Changing the breathing technique

Today’s the last day of my advanced gym programming course that contributes to my personal training diploma, leaving me a couple of weeks to embed all the information – and there’s a lot of it – until my assessment.

While I think I get most of it, it’s only when you actually start revising the information you’ve accumulated that you get just how much you get.

One of the things Abbey, our tutor has been drumming into is earlier this week is the need to get clients – and ourselves to breathe properly. Stop reading now, stand up and take ten deepish breaths and watch how you breathe.

Some lungs

What was your body doing as you were breathing? Most people will be raising their rib cages massively on the intake and pushing their tummies out on the breath out… if you did the same, you’re not breathing efficiently.

What you should be doing is breathing with your diaphragm. It’s the big muscle that flattens to let air into your lungs when you take a breath and when you breathe in, your tummy should raise, when you breathe out, you should pull your tummy in to expel all the air from your lungs.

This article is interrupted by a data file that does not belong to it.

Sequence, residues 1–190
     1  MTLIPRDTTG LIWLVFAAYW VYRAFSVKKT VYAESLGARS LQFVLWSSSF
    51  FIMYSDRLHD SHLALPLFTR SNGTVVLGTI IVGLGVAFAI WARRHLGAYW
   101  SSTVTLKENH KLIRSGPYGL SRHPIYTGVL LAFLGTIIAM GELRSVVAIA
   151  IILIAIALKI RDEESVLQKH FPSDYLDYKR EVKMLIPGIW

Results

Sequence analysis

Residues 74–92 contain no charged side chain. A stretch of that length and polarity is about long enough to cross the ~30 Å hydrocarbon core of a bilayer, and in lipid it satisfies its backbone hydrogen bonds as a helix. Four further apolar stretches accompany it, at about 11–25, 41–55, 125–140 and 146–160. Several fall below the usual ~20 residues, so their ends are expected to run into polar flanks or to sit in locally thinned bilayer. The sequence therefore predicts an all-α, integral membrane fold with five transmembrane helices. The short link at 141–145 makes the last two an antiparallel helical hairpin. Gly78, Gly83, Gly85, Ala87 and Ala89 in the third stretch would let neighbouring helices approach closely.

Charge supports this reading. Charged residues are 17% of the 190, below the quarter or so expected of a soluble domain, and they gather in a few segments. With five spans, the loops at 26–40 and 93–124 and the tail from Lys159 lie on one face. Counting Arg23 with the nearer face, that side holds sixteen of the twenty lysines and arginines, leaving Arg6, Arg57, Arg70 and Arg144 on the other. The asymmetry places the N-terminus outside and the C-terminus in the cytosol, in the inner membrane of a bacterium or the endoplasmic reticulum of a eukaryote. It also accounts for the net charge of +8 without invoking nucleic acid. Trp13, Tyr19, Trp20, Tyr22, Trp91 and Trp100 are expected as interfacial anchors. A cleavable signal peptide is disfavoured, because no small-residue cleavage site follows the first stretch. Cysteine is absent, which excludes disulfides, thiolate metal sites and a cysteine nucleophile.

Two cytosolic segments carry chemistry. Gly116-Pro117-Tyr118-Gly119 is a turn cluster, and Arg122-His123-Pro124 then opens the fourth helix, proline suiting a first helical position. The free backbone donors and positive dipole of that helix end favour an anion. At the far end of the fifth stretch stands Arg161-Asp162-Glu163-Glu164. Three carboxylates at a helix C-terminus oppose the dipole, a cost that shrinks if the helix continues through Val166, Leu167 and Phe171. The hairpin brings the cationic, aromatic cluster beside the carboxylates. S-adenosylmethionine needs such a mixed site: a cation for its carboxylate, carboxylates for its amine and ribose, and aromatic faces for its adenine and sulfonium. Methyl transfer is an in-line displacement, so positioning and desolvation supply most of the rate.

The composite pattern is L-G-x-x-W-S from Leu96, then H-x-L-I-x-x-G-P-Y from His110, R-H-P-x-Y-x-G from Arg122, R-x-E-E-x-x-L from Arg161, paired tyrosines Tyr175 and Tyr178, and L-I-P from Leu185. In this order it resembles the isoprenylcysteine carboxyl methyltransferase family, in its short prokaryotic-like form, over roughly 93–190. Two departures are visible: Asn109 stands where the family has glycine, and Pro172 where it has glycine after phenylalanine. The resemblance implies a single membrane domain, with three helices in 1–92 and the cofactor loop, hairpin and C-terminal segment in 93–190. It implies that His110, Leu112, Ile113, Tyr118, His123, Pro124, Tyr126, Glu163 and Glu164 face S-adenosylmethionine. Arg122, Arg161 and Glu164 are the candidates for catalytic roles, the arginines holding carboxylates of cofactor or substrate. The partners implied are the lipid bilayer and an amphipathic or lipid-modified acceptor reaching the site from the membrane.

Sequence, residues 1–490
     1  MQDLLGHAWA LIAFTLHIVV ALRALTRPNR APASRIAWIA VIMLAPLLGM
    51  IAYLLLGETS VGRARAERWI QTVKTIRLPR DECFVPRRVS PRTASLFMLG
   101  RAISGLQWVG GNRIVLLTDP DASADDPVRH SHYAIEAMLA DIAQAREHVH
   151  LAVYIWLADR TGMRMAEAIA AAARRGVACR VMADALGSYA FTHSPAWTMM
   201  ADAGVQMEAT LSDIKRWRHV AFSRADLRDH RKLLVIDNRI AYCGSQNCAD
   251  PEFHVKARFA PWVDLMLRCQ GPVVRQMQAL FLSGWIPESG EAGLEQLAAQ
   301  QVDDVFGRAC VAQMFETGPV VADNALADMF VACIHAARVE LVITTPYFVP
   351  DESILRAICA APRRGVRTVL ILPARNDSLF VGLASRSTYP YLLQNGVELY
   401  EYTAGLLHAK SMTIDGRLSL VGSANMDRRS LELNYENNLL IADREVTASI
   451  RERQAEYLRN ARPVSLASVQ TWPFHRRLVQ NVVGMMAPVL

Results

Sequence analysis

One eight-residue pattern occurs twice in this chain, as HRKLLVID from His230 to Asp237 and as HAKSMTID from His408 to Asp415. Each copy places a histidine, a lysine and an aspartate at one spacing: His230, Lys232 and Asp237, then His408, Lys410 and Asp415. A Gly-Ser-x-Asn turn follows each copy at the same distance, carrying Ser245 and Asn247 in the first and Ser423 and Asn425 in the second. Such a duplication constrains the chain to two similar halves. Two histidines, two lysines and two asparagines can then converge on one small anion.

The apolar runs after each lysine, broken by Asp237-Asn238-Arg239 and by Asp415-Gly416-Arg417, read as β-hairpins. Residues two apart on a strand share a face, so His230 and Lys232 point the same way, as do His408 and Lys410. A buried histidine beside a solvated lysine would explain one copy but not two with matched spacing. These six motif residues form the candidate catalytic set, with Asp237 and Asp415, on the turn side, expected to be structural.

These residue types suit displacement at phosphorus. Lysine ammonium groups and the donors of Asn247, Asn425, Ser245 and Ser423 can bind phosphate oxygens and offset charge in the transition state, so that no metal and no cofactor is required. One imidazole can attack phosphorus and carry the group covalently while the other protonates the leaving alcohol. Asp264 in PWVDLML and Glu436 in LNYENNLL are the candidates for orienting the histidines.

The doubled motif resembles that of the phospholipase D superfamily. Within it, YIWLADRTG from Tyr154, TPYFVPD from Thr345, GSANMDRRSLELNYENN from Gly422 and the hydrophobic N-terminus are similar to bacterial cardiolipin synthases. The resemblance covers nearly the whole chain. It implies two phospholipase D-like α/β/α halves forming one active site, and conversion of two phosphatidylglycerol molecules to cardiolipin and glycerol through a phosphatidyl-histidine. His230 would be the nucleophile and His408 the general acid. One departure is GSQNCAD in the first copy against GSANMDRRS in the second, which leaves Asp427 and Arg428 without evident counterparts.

Now try breathing again to see if you get it right. For something to become a habit for the body, it can take thousands of repetitions and so you may have to practise this thousands of times to get it right in future. Try doing it for ten to 15 minutes each night when you first get into bed.

From an exercise perspective, breathing properly should make one’s body more efficient and hence help improve performance, so this week I have been trying to breathe properly on my runs.

The trouble of course is that my body had begun to adapt to my previous breathing style and I’d become a fairly decent runner by using it. Now to re-adapt, I have to take a step backwards and slow down when running to get it right. Theoretically, when I start to get it right and crank speed back up, I will use my oxygen supply more efficiently.

It’s the kind of example that illustrates the need for a personalised training program on occasion when people want to step up.

Another example would be the lad from the course I am using for my practical assessment. While he spends six days a week in the gym and is pretty big and chiseled, his flexibility is poor and the range of movement he uses is restricted.

When weight training with heavier weights, as he’s not going through the full range of motion for an exercise, he is not working efficiently. I want to take him a step back to some lighter weights to help strengthen the tendons and ligaments that attach muscle and then work on his flexibility, so when he moves back up, he will be able to go for heavier weights and get more from his next program.

Click here for a link to Garmin Connect for a map and details of the run

Miles today: 3
Target: 1026
Miles to date: 1,427.68

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